The current state of registered investment adviser (“RIA”) arbitration, and where things may be headed, were the core topics discussed recently by an experienced panel of securities arbitration experts in the third SAC podcast.
The video podcast was moderated by former FINRA Director of Arbitration and current SAC Board of Editors member George H. Friedman, and features as panelists Glenn Gitomer of McCausland Keen & Buckman, Salvador Hernandez of Riley Warnock & Jacobson, PLC, Ross Tulman of Trade Investment Analysis Group, and Jeffrey Zaino of the American Arbitration Association. Recorded in August, the video podcast, complete with a PowerPoint, examines the current state of RIA arbitration, the federal and regulatory landscapes, the advantages and disadvantages of resolving disputes through arbitration as opposed to litigation, a comparison of the AAA and FINRA arbitration programs, and the panel’s predictions for the future.
Dispute Resolution Requirements for Brokers and RIAs are Very Different
SAC President Rick Ryder set the table by noting that RIAs and broker-dealers (“BDs”) have different arbitration requirements, and that the past decade – especially since the 2010 enactment of Dodd-Frank, has accelerated the pace of change. “The ranks of the investment advisory community have grown rapidly over the past decade… RIAs are not required, as FINRA members are, to arbitrate upon the demand of a client. Advisor representatives are not required, as are brokers signing Form U4s, to arbitrate their employment disputes. RIAs are not subject to disciplinary sanctions, if they do not timely pay awards assessed against them in arbitration.”
Who’s Administering the Cases?
The panel first discussed where arbitrations between customers and RIAs are heard. A consensus quickly emerged that most cases are heard by FINRA, with cases also being administered by the American Arbitration Association. How does FINRA have jurisdiction over RIAs disputes? Mr. Tulman answered: “Most of the cases that I'm seeing are large firms, they're broker dealers, and they're broker-dealers operating on dual platforms. That is, they have clients that have accounts that are both investment advisory accounts and brokerage accounts. And because of that, most of the IA cases I've seen are actually in FINRA.” Cases involving RIAs who are not dual-registered for the most part are going to the AAA, the panel said, because FINRA will only take these cases under very limited circumstances, including the execution of a special post-dispute Submission Agreement. Added Mr. Gitomer: “Where there are predispute arbitration agreements (‘PDAAs’), they typically by default designate the American Arbitration Association… There are, of course, those cases where we do have broker-dealers involved who are also serving as registered investment advisors, and in those cases, clearly FINRA is the default arbitration forum.”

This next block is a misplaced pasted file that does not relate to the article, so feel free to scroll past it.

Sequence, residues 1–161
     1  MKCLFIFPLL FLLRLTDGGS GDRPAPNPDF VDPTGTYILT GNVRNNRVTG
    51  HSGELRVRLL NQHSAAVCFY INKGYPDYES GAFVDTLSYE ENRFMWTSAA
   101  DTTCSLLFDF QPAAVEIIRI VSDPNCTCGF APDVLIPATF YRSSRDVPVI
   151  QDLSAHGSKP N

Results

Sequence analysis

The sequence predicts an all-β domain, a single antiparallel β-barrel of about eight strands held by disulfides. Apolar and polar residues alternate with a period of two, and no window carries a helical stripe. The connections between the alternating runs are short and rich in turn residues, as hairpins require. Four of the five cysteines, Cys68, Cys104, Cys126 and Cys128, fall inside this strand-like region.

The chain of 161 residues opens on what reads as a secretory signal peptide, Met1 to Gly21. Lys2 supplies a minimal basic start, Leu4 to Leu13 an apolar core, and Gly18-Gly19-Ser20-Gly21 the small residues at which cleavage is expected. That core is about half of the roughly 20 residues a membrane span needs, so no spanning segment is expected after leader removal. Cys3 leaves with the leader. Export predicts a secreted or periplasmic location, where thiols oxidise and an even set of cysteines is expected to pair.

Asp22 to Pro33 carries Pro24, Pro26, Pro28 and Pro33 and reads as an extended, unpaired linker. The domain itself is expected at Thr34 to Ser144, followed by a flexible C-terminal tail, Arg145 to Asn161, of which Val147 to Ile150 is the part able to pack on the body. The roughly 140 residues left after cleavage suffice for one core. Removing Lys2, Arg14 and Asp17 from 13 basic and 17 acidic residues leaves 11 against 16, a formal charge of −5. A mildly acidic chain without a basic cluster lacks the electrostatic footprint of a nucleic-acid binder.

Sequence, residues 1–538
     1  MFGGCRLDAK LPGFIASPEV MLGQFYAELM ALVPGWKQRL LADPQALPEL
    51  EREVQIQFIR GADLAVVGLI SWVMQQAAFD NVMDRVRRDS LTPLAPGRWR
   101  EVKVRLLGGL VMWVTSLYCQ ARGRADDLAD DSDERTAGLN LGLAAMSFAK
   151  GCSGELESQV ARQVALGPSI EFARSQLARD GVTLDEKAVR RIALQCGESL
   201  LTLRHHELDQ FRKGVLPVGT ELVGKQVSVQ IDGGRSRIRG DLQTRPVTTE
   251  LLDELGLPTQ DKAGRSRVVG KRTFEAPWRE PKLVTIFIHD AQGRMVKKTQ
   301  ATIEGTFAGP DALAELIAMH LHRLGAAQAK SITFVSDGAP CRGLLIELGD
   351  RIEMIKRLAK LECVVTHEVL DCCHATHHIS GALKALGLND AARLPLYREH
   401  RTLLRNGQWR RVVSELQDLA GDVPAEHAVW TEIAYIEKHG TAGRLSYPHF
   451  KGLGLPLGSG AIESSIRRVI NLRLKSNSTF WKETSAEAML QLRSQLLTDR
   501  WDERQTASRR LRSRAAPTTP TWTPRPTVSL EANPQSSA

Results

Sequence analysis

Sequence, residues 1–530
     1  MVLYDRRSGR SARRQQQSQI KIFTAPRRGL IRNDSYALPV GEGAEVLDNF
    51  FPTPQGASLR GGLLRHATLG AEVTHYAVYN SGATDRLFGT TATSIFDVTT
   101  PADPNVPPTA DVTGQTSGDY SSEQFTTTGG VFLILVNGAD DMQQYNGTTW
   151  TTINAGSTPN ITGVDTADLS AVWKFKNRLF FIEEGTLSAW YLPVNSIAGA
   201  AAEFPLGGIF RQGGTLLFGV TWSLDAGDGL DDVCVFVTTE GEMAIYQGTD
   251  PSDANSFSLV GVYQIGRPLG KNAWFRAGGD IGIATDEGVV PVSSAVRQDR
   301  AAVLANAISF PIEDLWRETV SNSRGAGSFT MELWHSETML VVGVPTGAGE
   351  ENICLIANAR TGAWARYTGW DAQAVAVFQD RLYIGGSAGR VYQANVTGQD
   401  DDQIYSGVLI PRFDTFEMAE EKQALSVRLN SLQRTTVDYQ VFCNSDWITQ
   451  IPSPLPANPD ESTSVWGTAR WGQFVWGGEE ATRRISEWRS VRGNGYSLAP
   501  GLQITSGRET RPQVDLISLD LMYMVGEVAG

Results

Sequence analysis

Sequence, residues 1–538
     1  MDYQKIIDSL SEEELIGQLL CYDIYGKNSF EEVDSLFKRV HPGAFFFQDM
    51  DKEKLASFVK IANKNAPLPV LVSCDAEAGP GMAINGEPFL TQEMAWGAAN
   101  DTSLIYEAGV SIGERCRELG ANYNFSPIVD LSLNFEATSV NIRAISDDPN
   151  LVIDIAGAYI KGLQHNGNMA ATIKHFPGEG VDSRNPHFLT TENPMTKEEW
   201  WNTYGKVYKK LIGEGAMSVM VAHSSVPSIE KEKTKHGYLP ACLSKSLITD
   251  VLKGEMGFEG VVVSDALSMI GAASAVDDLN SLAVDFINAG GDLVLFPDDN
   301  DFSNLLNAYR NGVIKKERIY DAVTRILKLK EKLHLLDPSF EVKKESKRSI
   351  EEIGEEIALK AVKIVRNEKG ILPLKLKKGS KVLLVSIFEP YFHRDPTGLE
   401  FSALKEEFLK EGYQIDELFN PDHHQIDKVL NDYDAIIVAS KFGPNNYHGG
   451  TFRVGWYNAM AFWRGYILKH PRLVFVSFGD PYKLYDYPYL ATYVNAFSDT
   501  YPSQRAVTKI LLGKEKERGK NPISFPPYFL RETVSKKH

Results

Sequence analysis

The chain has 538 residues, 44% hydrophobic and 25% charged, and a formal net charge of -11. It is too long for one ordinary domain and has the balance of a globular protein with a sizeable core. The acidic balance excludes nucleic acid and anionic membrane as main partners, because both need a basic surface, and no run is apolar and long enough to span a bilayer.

Current State of the Federal Regulatory Landscape
Moderator Friedman, who also teaches arbitration at Fordham Law School, started the discussion by noting that Dodd-Frank section 913 invited the SEC to recommend a self-regulatory organization for investment advisors, and then asked for an update on this issue. Mr. Hernandez stated that there has not been much recent activity on this front and expressed his view that “the big question will be: Is FINRA the appropriate self-regulatory organization to oversee registered investment advisors or should a completely separate SRO be established? Right now, the answer to that question is unclear. The commentators I have read seem to think that FINRA is a logical entity to govern both.” Mr. Friedman reminded the panel that Dodd-Frank section 921 also allows the SEC to ban or regulate or limit pre-dispute arbitration agreements for BDs and that it also allows the Commission to do the same for investment advisor contracts. He then posed this question: “Let’s assume the Commission acts under Dodd-Frank to regulate PDAAs in broker-dealer contracts. Would you recommend they take a consistent approach with RIAs?” The panel answered in the affirmative, with some advocating a choice of forum.
The AAA as an Alternative
Moderator Friedman began the discussion by reviewing a 2013 survey conducted by Massachusetts Secretary Galvin, measuring the use of arbitration in investment advisor contracts. “They heard from about half of the investment advisors in the state,” he said. “Almost all used written contracts, and about half used mandatory pre-dispute arbitration agreements.” The Galvin survey also showed that, of those RIAs that are using mandatory arbitration agreements with a specified provider, about two-thirds name the AAA. Mr. Zaino stated that AAA does handle some RIA arbitrations, but this represents a tiny portion of its overall caseload. “We handle about 250,000 cases a year, and, out of that, our consumer disputes account for about 1,300 cases and, out of that, about 10 percent – 130 – involve registered investment advisor-type cases.” Mr. Zaino added that most customer-RIA disputes would be administered under the AAA’s relatively new Consumer Arbitration Rules, rather than the Commercial Arbitration Rules.